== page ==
The mission: Customs and Border Protection increasingly uses sensors and other technology to monitor America’s borders and ports of entry. As the data feeds multiply, situational awareness becomes ever more important.

The tech: The Enterprise Geospatial Information Services (eGIS) system is centrally managed and available agencywide. Powered by a SQL Server 2005 geospatially enabled database and Esri ArcSDE software, the system maps patrols, local weather and suspicious border activity, all in real time. The eGIS system also displays border enforcement data that has been imported from various transactional systems, but that data is not housed in the eGIS database.

Learn more: https://catalog.data.gov/dataset/enterprise-geospatial-information-services




The mission: Public diplomacy is critical to the operations of the State Department and the U.S. Agency for International Development. The two agencies created this beta site in consultation with the National Security Council to better explain U.S. foreign assistance investments around the world.

The tech: The beta version debuted earlier this year, after State’s Office of U.S. Foreign Assistance Resources created “personas” for the sites’ likely users and followed an agile development path to create iterations toward the current design. ForeignAssistance.gov is hosted on the Microsoft Azure cloud platform and offers easy downloads for the various datasets. A developer application programming interface is in the works.

Learn more: http://beta.foreignassistance.gov


Colorado Inter-State Migration


The mission: Migration to and from Colorado has swung drastically in the past 15 years, and accurate projections are crucial for forecasting demand for state and local facilities and services.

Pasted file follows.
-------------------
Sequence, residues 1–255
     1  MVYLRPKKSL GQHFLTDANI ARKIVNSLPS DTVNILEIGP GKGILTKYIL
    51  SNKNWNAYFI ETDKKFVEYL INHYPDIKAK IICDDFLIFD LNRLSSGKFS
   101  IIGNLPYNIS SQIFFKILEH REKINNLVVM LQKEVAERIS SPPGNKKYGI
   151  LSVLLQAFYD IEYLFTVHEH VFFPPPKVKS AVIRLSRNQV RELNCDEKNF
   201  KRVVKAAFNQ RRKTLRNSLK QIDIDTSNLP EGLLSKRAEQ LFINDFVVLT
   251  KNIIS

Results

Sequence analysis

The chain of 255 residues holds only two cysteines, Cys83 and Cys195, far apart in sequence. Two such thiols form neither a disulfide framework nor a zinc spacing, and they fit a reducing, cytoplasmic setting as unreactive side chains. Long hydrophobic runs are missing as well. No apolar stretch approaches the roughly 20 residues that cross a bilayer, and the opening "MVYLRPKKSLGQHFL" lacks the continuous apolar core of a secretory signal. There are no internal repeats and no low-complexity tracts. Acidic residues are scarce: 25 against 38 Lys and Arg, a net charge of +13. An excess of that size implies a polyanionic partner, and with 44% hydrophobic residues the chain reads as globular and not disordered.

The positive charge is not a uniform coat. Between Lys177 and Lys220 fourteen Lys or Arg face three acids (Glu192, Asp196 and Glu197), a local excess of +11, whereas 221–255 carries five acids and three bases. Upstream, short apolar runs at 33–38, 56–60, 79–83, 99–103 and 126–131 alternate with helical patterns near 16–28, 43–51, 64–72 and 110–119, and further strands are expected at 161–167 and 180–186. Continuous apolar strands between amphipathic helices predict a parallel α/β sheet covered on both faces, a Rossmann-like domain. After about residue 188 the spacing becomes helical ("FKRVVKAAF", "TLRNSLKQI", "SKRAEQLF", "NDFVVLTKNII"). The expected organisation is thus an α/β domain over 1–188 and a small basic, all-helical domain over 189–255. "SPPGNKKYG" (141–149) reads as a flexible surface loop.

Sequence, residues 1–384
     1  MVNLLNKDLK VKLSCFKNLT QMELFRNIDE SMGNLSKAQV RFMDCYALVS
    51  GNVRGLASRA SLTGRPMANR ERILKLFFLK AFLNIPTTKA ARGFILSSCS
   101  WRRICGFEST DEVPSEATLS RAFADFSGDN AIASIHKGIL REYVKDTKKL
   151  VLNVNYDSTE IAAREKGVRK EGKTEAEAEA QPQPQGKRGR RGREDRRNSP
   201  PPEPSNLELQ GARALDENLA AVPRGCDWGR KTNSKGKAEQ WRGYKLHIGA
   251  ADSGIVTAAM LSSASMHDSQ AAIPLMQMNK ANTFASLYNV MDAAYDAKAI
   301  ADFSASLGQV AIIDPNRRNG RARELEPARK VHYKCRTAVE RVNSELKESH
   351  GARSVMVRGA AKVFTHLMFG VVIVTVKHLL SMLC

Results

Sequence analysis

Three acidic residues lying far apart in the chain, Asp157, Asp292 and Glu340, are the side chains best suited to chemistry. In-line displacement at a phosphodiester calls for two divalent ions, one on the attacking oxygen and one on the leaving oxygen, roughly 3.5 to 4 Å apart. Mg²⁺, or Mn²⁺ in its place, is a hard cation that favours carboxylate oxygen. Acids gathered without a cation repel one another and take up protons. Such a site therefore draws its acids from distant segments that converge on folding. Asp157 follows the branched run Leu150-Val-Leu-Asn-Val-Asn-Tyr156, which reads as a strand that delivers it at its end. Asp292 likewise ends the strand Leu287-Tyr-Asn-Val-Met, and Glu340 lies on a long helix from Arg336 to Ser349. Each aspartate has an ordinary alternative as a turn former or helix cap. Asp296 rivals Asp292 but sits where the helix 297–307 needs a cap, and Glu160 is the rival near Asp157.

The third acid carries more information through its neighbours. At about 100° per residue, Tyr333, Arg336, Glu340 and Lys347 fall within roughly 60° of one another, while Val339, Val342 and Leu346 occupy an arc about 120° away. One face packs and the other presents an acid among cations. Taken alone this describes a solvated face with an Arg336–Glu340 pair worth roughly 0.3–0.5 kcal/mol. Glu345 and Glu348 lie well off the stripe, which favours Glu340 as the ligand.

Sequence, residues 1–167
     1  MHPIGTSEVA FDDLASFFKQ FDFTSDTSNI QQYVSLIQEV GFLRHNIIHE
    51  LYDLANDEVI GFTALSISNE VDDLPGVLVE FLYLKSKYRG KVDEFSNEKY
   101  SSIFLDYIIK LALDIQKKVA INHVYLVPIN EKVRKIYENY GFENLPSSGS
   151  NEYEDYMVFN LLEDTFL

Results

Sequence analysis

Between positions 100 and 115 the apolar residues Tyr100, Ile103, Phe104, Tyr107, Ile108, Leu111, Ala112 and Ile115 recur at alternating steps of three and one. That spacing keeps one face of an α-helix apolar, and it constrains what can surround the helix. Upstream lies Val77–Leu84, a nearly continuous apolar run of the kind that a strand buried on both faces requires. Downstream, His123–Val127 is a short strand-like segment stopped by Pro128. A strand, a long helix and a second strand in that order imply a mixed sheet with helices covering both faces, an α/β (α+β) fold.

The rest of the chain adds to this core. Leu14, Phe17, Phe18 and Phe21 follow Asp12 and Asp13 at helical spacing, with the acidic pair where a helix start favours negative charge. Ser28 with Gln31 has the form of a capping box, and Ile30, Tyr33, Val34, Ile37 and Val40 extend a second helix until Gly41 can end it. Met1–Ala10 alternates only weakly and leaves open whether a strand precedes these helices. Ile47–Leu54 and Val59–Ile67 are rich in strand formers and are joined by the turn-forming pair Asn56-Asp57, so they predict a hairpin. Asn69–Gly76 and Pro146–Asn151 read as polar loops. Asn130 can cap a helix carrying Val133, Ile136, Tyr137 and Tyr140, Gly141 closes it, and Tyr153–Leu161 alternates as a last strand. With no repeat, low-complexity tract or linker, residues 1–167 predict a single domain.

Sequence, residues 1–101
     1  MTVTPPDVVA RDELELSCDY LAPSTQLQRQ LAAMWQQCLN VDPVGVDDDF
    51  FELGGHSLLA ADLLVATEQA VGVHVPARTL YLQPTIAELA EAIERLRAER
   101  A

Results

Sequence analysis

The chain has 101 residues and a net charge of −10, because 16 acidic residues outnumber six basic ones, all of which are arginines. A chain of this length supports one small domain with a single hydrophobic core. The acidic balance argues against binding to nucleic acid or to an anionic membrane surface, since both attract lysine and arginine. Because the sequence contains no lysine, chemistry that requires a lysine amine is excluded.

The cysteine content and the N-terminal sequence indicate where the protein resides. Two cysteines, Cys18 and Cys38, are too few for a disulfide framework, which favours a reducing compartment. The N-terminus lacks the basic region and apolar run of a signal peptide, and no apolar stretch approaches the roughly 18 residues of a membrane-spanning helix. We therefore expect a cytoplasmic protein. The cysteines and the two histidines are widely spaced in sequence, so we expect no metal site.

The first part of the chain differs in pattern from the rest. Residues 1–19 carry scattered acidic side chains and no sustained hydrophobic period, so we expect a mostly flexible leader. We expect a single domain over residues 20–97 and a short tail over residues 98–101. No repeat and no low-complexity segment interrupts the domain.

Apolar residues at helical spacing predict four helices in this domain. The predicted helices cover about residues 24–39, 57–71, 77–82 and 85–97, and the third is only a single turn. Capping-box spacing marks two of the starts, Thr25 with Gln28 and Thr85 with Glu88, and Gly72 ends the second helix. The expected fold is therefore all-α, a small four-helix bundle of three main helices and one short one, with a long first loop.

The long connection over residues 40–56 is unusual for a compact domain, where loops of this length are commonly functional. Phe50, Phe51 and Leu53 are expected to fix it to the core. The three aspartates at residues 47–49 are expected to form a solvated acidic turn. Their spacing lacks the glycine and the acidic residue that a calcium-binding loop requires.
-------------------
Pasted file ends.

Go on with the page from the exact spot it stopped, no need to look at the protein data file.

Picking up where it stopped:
The tech: The Colorado State Demography Office visualizes data drawn from the U.S. Census Bureau’s American Community Survey to track moves into and out of the state. Built with D3.js, a JavaScript library for mapping and charting data, the migration map uses a probability matrix to show who’s moving where and when.

Learn more: http://dola.colorado.gov


Predicting instability


The mission: Everything is easier with a bit of advance warning, and so the National Geospatial-Intelligence Agency goes to great lengths to identify global hot spots before they heat up.

The tech: Leidos’ Global Monitoring and Planning System mines millions of open-source data points and applies machine learning to forecast instability years in advance. The system uses more than 65,000 location-specific instability metrics.

Learn more: https://www.leidos.com/sites/default/files/GLIMPS_web.pdf




The mission: The Agriculture Department has spent the past three years moving to a shared hiring and human resources platform while also working to improve component agencies’ recruiting and management of employees. Reports like this one allow USDA’s chief human capital officer, seven mission-area HR directors and their teams to track the department’s progress. (The U.S. Patent and Trademark Office has created a similar system.)

The tech: NGA.net’s eRecruit — a cloud-based, software-as-a-service solution — tracks both workforce-wide demographics and individual applicants’ progress through the hiring process. It also integrates with EODonline, the onboarding software provided by the Commerce Department’s National Technical Information Service, and other HR systems.